Steamboat Springs Entomologists at Colorado State University have identified the species of caterpillar that has exploded across Routt County. The caterpillar, which has been feasting on the leaves of aspen, scrub oak, sarvis and chokecherry trees, is known as a linden looper.
C.J. Mucklow, director of the Colorado State University Cooperative Extension Service Office in Routt County, said there have been several infestations of the linden looper across western Colorado. The caterpillars were first reported in Routt County early last week, with most calls coming from South Routt to west of Craig in Moffat County.
Mucklow said he does not recommend treating the caterpillars with insecticides because they should soon be dropping from the trees to enter their adult stages. "The damage is done," Mucklow said.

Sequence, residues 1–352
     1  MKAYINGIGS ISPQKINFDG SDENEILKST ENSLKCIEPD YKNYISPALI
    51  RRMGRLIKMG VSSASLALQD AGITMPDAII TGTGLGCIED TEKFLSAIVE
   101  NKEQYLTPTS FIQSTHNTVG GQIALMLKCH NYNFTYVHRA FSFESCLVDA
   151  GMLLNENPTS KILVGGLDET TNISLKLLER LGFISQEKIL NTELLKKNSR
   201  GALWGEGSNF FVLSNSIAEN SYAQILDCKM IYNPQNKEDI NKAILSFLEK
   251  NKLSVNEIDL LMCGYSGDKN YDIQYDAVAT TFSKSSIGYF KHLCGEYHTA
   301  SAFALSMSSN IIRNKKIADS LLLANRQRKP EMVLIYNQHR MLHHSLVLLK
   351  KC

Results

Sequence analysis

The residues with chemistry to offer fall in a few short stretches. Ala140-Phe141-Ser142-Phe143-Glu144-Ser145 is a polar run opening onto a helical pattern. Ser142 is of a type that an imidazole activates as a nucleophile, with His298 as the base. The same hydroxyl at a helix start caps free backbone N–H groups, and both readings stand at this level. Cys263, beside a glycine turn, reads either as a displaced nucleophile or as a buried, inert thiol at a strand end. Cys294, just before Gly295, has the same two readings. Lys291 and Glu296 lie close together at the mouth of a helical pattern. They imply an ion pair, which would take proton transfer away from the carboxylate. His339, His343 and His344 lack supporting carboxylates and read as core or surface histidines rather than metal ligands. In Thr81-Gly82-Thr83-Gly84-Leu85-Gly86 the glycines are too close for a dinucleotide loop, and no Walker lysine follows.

The males will become small brown moths, and the females will become wingless adults. And although the females will climb back up the trees in the late summer or fall to lay eggs, there is little chance of a similar outbreak next year, according to Whitney Cranshaw, extension entomologist for Colorado State University.
"It would be next year - if we have this outbreak again - (that) we would recommend checking early and treating so the trees don't defoliate two years in a row," Mucklow said.
Mucklow said caterpillar damage throughout the course of two years is when there is a real risk of losing trees.
If people decide to treat the caterpillars this year - because they are a particular annoyance or targeting a valued tree, among other reasons - Mucklow said they are easy to kill and recommends the natural insecticide Bacillus thuringiensis, also known as Bt.
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